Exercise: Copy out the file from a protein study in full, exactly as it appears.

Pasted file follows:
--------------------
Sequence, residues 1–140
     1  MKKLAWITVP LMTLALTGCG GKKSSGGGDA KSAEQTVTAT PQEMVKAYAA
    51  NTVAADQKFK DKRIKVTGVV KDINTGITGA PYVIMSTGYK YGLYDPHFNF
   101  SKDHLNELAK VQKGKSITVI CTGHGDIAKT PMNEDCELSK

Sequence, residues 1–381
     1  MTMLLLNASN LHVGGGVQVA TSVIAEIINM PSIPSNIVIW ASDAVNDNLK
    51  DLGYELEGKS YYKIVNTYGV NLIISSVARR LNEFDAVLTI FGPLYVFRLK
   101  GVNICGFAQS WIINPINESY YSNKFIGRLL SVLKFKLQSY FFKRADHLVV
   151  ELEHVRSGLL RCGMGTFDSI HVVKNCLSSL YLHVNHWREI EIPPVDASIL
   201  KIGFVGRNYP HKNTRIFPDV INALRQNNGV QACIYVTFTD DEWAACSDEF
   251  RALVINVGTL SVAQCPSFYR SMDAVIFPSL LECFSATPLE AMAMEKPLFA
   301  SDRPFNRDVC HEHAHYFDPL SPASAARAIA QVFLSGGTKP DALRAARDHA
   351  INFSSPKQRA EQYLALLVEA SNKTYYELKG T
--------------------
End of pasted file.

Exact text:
Sequence, residues 1–140
     1  MKKLAWITVP LMTLALTGCG GKKSSGGGDA KSAEQTVTAT PQEMVKAYAA
    51  NTVAADQKFK DKRIKVTGVV KDINTGITGA PYVIMSTGYK YGLYDPHFNF
   101  SKDHLNELAK VQKGKSITVI CTGHGDIAKT PMNEDCELSK

Sequence, residues 1–381
     1  MTMLLLNASN LHVGGGVQVA TSVIAEIINM PSIPSNIVIW ASDAVNDNLK
    51  DLGYELEGKS YYKIVNTYGV NLIISSVARR LNEFDAVLTI FGPLYVFRLK
   101  GVNICGFAQS WIINPINESY YSNKFIGRLL SVLKFKLQSY FFKRADHLVV
   151  ELEHVRSGLL RCGMGTFDSI HVVKNCLSSL YLHVNHWREI EIPPVDASIL
   201  KIGFVGRNYP HKNTRIFPDV INALRQNNGV QACIYVTFTD DEWAACSDEF
   251  RALVINVGTL SVAQCPSFYR SMDAVIFPSL LECFSATPLE AMAMEKPLFA
   301  SDRPFNRDVC HEHAHYFDPL SPASAARAIA QVFLSGGTKP DALRAARDHA
   351  INFSSPKQRA EQYLALLVEA SNKTYYELKG T